Commentary

Anti-Semitism is now just another part of the Republican party’s accepted principles

Donald Trump
Donald TrumpPhoto: Screenshot

Among the many norms that the Republican Party has thrown overboard in its embrace of Trumpism is its condemnation of anti-Semitism.

Condemning someone who engaged in anti-Semitic tropes used to be as easy as condemning white supremacists marching with torches. Then, of course, Donald Trump reminded us that there are “some very fine people” among those white supremacists, so it was open game—literally—on everyone.

As a result, the Republican Party has now become the playground of white grievance. Inevitably, that’s led to a mainstreaming of anti-Semitism in the GOP ranks.

The most extreme example is the party’s candidate for governor in Pennsylvania, Doug Mastriano. As a Christian nationalist, Mastriano is one of the most extreme candidates on the ballot this year (which says a lot).

But he also has no problem with disgusting anti-Semitism. Mastriano has close ties to Andrew Torba, the founder of the far-right platform Gab, which the Republican Jewish Coalition describes as “a cesspool of bigotry and anti-Semitism.” Torba has produced a steady flow of his own anti-Semitic vitriol but that didn’t stop Mastriano from sitting down to do an interview with him.

“Thank God for what you’ve done,” Mastriano told Torba. Separately, Mastriano told the press he condemn anti-Semitism in any form.

Then there’s Kari Lake, the GOP candidate for governor in Arizona. Just a month after denouncing bigotry, including anti-Semitism, Lake endorsed Jarrin Jackson for a position in the Oklahoma legislature. Jackson has cited Jews as evidence that “evil exists” and frequently rails against George Soros and the Rothschilds for controlling the world.

At a Trump rally in Pennsylvania last month, Cynthia Hughes, founder of the Patriot Freedom project, bemoaned the harsh treatment her nephew, Tim Hale-Cusanelli, received as a convicted January 6 insurrectionist.

The crowd openly sympathized with Hughes, who neglected to mention that her nephew wore a mustache like Hitler’s and said that “Hitler should have finished the job.” Yet Trump and company thought she was a perfect speaker at his rally.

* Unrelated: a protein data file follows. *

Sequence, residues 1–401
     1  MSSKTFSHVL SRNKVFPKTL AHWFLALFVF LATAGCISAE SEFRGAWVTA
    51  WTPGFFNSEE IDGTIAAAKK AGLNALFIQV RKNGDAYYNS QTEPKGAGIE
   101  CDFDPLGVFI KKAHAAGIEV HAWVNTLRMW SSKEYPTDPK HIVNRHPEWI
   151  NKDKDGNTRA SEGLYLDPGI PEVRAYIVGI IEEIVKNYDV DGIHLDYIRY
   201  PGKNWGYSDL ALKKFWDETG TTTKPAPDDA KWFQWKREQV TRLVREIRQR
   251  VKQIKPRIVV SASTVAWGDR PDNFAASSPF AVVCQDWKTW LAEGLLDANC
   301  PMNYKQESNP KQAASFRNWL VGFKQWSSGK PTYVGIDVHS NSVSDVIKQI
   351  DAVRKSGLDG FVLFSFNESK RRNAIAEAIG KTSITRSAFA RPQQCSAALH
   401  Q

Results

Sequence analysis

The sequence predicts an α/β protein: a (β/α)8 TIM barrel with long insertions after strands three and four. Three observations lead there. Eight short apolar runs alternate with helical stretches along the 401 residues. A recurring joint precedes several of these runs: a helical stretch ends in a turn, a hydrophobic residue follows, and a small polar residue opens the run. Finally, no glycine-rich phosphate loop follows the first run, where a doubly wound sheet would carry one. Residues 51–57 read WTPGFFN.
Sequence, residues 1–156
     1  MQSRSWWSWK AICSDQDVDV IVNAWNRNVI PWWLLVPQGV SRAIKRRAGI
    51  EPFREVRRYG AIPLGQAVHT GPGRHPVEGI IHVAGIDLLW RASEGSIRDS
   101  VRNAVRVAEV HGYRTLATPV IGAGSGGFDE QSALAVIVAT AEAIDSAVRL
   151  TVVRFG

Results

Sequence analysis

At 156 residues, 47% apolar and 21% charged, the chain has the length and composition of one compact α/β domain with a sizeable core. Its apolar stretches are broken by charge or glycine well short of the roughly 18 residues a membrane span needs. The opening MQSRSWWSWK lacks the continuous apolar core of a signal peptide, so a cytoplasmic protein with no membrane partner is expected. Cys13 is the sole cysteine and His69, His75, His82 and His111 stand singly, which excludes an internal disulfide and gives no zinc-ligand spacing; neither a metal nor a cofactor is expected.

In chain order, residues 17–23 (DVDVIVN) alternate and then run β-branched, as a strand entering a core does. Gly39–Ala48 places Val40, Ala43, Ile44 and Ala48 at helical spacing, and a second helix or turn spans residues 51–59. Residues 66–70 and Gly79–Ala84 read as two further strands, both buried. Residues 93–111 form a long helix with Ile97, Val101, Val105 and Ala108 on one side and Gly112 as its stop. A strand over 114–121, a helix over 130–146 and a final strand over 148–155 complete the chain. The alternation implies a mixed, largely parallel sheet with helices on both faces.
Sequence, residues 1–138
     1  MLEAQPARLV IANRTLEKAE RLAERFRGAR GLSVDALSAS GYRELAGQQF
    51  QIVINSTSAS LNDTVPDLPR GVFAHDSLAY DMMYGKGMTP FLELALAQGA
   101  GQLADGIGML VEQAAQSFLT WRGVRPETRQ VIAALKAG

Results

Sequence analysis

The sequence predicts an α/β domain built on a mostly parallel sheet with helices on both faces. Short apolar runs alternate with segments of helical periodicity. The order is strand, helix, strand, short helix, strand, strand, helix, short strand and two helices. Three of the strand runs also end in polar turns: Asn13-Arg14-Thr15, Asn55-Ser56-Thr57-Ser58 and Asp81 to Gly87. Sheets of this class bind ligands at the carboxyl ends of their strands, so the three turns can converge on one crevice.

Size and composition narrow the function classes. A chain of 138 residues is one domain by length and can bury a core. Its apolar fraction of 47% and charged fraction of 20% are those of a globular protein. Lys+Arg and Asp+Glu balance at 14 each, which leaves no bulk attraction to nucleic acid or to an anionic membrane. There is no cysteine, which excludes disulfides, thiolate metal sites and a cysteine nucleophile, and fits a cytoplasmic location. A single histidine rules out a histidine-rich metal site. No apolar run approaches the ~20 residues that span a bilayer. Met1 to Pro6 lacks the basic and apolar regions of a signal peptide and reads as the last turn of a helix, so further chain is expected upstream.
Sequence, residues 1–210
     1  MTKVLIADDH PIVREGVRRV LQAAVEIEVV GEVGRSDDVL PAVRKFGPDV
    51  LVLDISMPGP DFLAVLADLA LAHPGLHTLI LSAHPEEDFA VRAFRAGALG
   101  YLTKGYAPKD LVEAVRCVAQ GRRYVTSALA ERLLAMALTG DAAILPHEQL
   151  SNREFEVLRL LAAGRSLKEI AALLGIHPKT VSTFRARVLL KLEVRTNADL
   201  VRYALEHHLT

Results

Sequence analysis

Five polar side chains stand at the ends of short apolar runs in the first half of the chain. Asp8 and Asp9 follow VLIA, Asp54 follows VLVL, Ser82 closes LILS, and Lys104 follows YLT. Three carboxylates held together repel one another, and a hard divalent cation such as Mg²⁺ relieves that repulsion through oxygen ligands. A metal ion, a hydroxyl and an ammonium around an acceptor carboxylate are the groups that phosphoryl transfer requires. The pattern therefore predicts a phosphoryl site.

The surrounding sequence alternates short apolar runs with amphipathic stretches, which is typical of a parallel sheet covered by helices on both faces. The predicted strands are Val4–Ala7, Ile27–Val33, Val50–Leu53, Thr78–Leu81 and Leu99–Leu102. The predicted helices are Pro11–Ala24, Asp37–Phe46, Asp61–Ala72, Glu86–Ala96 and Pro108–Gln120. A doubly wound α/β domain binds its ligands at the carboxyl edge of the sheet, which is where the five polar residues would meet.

Of course, there was the other Trump rally, in Ohio, where the crowd lifted their fingers in a QAnon-inspired salute that was eerily reminiscent of a Nazi salute. That was so bad that Trump staffers asked people not to do that any more. 

Trump himself has sent signals meant to gladden anti-Semites. In 2016, he ran an ad attacking the “global power structure” that featured three Jews – the financier George Soros, the then chair of the Federal Reserve Janet Yellen, and the investment banker Lloyd Blankfein. He also tweeted an image of the Star of David with piles of money to attack Hillary Clinton.

Anti-Semitism is all but inseparable from other prejudice, including anti-LGBTQ bigotry. The people who see diversity as a threat to America don’t make much distinction among groups that aren’t like themselves. It’s little wonder that a majority of Republicans would like to officially declare the U.S. a Christian nation.

Indeed, among the core of the GOP’s base, evangelicals, the distrust of Jews has been rising since Trump entered office. Those are the same people who would love to declare the U.S. a heterosexual nation as well.

Republican leaders will loudly declare that they deplore anti-Semitism. No doubt on an individual level, many of them do. But they are also doing nothing to excise it from the party’s ranks.

Just like they did with Trump, the party’s leaders have taken the path of least resistance. If anti-Semitism is what it takes to win votes and get power, well, that seems to be fine. Just chalk it up to another principle that the party has decided it can live without.

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